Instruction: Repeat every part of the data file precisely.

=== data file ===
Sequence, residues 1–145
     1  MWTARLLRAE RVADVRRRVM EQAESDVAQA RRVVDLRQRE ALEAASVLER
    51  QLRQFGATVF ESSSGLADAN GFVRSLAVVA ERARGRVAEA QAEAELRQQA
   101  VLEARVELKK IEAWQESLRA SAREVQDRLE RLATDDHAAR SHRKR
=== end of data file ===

Sequence, residues 1–145
     1  MWTARLLRAE RVADVRRRVM EQAESDVAQA RRVVDLRQRE ALEAASVLER
    51  QLRQFGATVF ESSSGLADAN GFVRSLAVVA ERARGRVAEA QAEAELRQQA
   101  VLEARVELKK IEAWQESLRA SAREVQDRLE RLATDDHAAR SHRKR